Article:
There was a time when the “push-button” features in many gadgets become their major selling point. Back then, when you say a gadget is “push-button” that is indirectly saying that it is high-tech. But nowadays, it seems like people got tired pushing buttons and calling someone by dialing a number may soon become unimaginable. This started with the feather touch buttons followed by the touch screen. Then we now have voice assistants and motion sensors. These technologies are behind our smart phones, smart TVs, digital cameras, etc. so that we can manipulate them with our voices and hand gestures. The pace of communication technology development is accelerated by companies like Google, Microsoft and Apple. And as service providers the likes of Verizon, Skype and RingCentral, continue working on services that complement this technology, I can’t help but wonder what will be next.
The Muse and the Melon headbands are examples of devices that track brain waves. The Muse headband is connected to smart phones through Bluetooth. One of its features is to allow users to control Smartphone apps just by thinking. How about that? Meanwhile, Samsung has recently demonstrated a brain-controlled tablet using an EEG cap. This is with the hope of one day enabling people with mobility disabilities to connect.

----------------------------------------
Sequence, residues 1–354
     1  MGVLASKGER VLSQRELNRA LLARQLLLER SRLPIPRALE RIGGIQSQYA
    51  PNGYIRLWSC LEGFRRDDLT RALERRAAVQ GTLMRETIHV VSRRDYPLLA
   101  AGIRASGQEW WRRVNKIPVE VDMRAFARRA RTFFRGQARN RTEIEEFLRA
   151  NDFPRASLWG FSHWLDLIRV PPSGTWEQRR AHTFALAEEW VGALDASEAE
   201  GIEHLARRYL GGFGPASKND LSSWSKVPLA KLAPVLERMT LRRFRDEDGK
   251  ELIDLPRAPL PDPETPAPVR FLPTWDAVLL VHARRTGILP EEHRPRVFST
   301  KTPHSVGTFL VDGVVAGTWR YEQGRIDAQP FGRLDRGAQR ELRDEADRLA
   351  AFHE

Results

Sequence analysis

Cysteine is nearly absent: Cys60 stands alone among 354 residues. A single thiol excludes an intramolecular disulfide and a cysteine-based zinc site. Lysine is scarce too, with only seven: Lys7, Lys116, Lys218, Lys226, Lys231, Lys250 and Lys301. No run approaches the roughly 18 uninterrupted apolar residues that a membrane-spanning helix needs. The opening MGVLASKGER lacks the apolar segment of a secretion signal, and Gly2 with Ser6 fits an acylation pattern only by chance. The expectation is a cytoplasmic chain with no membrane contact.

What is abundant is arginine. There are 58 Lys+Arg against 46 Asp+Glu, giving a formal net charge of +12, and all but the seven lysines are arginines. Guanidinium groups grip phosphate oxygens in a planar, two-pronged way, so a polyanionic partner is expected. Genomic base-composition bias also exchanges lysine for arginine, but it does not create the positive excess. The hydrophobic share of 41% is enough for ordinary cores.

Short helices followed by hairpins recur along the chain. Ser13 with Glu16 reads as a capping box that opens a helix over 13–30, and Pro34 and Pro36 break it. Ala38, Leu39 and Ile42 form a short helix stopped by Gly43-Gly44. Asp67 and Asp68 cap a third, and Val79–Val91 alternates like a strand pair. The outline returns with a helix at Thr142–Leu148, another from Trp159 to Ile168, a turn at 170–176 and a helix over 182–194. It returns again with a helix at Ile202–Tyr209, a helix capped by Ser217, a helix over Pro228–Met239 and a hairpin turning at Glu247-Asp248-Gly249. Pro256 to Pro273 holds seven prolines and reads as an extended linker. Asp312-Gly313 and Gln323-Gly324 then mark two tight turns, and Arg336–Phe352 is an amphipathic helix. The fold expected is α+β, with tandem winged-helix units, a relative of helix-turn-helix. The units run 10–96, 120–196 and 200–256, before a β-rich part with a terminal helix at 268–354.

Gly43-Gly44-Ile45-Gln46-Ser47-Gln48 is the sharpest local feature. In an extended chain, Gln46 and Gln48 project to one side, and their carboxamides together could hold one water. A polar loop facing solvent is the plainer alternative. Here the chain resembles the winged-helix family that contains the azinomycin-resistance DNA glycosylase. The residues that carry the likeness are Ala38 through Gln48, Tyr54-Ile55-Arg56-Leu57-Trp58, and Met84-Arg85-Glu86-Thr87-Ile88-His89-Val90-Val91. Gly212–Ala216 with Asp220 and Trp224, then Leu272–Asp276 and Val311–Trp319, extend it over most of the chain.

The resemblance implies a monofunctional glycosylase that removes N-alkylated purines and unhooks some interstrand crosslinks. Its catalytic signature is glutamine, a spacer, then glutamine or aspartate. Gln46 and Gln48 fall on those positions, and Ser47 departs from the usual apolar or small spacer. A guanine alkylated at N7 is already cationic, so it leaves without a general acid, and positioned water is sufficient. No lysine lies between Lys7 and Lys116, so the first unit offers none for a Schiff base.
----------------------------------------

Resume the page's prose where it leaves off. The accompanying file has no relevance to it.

Based on first impression and on the endless speculations and articles written about it, the Google glass simply looks like a micro computer attached to an eyeglass. Google’s FAQ clarifies that the Google Glass serves as an extension of a user’s Smartphone screen and it can perform a set of simple tasks like taking videos and photos. This is where the privacy issues came from because of the possibility that people wearing the glass will use it to take photos or videos then upload them real-time. Google says it just depends on the responsibility of the people using it. Technically, the specs of glass and the quality of the photos and videos it can take will not satisfy a person who intends to spy on other people. The camera is five megapixels, it can’t even zoom. Going to the exciting question of how we can control the gadget, well, the user will look up at the Glass module to make the screen light up so that it can be verbally commanded. It is navigated through deliberate voice and manual controls. Positive thinkers have already eyed Google Glass as a device to help people with disabilities. Maybe in the near future, we wouldn’t be able to distinguish a Google glass from common eyeglasses.
I can only imagine that the combination of voice assistants, motion sensors and brainwave tracking devices will result to computers with hologram interface. It is not a very new idea because these are demonstrated in the movies Star Wars and Ironman. If we pretend that all these technologies have already matured, a person who suddenly remembers to call somebody will have his or her brainwave headband automatically prompting a hologram assistant. This hologram assistant will then say, “You were just thinking of calling your father. Shall I dial his number now?” The user could then reply to that in many ways. He or she could nod, say “yes” or think “yes”, or maybe roll his or her eyes. Wow, that would really change the way we communicate personally and in our business transactions.